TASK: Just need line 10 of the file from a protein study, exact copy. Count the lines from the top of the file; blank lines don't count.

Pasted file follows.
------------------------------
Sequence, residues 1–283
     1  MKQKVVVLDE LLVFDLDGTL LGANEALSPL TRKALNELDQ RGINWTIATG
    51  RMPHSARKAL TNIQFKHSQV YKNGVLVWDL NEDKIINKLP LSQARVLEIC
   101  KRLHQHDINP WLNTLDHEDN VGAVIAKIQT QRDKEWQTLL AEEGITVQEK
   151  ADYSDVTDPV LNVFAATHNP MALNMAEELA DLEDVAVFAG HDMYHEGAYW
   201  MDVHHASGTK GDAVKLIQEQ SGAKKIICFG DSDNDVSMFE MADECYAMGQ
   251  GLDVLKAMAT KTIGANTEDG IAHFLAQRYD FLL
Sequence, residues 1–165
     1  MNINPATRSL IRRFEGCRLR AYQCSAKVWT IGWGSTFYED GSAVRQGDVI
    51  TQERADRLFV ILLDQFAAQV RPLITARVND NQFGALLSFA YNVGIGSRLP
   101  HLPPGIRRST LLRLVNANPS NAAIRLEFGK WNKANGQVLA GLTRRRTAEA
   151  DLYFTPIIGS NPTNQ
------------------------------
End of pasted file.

    51  TQERADRLFV ILLDQFAAQV RPLITARVND NQFGALLSFA YNVGIGSRLP